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Queens Man Sentenced In Manhattan Federal Court To Two Years In Prison For Role In Scheme To Issue Fraudulent Safety Training Certifications To Construction Workers And Companies

FOR IMMEDIATE RELEASE
Friday, December 7, 2012

Preet Bharara, the United States Attorney for the Southern District of New York, announced that MICHAEL DINARDO was sentenced today in Manhattan federal court, before U.S. District Judge Naomi R. Buchwald, to two years in prison for his role in a scheme to issue fraudulent safety training certifications. DINARDO pled guilty in May 2011 to conspiring to defraud the United States Occupational Safety and Health Administration (“OSHA”). He was released on bail following his plea, but in December 2011, DINARDO absconded. Judge Buchwald then issued a bench warrant for his arrest. On May 30, 2012, he was located and arrested, and is now in custody.

Manhattan U.S. Attorney Preet Bharara said: “Not only did Michael Dinardo put workers and the public at risk by selling OSHA-mandated training certificates to people who had not completed the requisite training, but he also jeopardized public safety. He then tried to avoid accountability for his illegal conduct by running away, but he will now face justice. ”

According to the Complaint previously filed in the case, the Information to which DINARDO pled, statements made in other court documents and proceedings, and other public records:

OSHA regulates and supervises the Outreach Training Program, which provides occupational safety training to the construction industry and other industries. New York State and New York City local law require construction workers to complete outreach training before working on public construction projects and other major building projects. OSHA also regulates and supervises training in Hazardous Waste Operations and Emergency Response (“HAZWOPER”), a training program of up to 40 hours in length that is mandated by federal regulation for certain workers who work with, or are exposed to, hazardous substances. OSHA outsources outreach and HAZWOPER training to private trainers who possess OSHA-mandated qualifications and training, and issues official training certification cards as proof of successful completion of Outreach Program training.

DINARDO is a former New York City Department of Buildings (“DOB”) employee who was authorized by OSHA to administer Outreach Training, but not HAZWOPER training. In 2010, undercover officers (“UCs”) with the New York City Department of Investigation (“DOI”), working with the United States Department of Labor, Office of Inspector General (“DOL-OIG”), approached DINARDO after learning that he had offered to sell a confidential informant an outreach training certification card without the informant completing the required training. After the UCs represented that they were employed in the construction industry, DINARDO met with them on multiple occasions, during which he sold them 45 outreach training certification cards and two HAZWOPER training certificates without requiring anyone to complete training. On one occasion, DINARDO provided a UC with a price list for training certifications.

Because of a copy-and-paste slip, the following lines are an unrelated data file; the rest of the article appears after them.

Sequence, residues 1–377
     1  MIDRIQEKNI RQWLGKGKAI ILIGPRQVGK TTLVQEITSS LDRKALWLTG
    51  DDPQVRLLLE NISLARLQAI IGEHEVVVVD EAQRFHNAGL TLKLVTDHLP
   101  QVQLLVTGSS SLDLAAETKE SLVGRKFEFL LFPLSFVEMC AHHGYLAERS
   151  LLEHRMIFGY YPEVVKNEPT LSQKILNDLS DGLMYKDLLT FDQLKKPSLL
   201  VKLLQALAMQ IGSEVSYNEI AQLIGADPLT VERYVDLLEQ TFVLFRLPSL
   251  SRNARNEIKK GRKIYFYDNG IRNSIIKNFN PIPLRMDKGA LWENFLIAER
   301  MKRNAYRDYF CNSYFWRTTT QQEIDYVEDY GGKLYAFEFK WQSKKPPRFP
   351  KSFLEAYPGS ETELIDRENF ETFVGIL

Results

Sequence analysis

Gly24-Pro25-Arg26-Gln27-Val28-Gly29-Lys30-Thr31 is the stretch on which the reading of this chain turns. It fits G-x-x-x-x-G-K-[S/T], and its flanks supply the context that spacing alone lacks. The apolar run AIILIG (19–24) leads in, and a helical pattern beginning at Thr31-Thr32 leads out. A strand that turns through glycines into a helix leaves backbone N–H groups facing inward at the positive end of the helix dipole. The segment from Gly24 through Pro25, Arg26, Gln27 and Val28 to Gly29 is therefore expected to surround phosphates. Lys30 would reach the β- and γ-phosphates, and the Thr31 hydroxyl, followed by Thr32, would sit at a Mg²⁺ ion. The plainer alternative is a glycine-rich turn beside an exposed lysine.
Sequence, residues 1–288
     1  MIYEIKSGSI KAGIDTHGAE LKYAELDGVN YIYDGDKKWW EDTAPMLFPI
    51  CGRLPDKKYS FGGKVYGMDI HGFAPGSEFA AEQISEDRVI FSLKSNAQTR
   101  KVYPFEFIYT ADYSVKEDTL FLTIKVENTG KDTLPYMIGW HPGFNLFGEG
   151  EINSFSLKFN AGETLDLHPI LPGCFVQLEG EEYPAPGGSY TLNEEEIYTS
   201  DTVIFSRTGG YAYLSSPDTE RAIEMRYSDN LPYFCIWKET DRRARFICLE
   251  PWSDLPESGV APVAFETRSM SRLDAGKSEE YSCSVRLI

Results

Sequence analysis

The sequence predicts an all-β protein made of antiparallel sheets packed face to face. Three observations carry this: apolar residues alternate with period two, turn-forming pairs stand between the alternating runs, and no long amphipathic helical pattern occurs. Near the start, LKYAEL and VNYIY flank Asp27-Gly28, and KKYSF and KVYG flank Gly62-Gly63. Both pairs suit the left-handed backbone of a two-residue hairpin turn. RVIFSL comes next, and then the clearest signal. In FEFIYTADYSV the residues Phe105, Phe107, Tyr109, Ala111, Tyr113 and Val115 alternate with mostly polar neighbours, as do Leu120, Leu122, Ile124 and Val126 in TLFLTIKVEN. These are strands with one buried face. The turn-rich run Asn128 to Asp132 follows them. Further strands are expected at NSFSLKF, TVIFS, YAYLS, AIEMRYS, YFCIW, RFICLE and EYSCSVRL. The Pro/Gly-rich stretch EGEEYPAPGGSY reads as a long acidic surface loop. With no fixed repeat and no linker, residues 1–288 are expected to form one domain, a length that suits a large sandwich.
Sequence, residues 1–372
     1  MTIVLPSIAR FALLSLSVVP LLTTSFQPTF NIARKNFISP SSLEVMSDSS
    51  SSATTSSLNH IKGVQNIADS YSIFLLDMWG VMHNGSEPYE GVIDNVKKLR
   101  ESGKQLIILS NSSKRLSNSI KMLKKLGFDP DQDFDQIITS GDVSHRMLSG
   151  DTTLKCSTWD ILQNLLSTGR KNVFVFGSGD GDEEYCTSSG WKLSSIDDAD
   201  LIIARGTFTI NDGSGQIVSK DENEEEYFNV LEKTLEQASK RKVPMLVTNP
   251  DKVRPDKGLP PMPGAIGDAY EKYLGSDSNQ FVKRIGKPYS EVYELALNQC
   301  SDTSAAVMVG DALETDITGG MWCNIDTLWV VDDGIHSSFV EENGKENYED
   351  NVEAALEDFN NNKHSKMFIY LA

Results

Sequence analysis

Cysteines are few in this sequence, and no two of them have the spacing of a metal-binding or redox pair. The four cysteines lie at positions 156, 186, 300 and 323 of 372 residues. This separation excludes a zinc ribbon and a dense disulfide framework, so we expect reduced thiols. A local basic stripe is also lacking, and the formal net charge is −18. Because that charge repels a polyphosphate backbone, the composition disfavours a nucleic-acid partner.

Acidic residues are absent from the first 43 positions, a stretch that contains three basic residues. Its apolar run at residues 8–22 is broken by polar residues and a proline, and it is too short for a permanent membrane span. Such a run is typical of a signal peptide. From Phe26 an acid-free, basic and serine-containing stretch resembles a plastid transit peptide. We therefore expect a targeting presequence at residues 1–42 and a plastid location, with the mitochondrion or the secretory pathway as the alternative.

During a search of DINARDO’s home and business, DOI and DOL-OIG investigators uncovered proof of payment and contact information related to multiple construction companies operating in New York City, including companies working on major buildings and public construction sites in New York State and New York City. During his guilty plea, DINARDO admitted that, in exchange for tens of thousands of dollars in illegal payments, he provided construction companies and workers with outreach training certification cards that he had fraudulently obtained from OSHA, and HAZWOPER training certifications that he was not authorized to issue, without requiring anyone to attend the required training.

Following DINARDO’s arrest in 2010, OSHA made several changes to improve the integrity of the Outreach Training Program and to combat fraud. Among other things, OSHA made a number of modifications to the outreach training certification cards that make them more difficult to forge and resell. In addition, OSHA now requires trainers to submit to more frequent audits of their classes and their files to help ensure that the required, pre-certification training is actually being delivered.

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In addition to the prison term, Judge Buchwald sentenced DINARDO, 54, of the Queens, New York, to three years of supervised release with drug treatment.

Mr. Bharara praised the outstanding investigative efforts of the New York City Department of Investigation and the United States Department of Labor, Office of the Inspector General. He also thanked OSHA for its assistance in the investigation of the case.

This case is being handled by the Office’s Public Corruption Unit. Assistant United States Attorneys Howard S. Master and Kan Min Nawaday are in charge of the prosecution.

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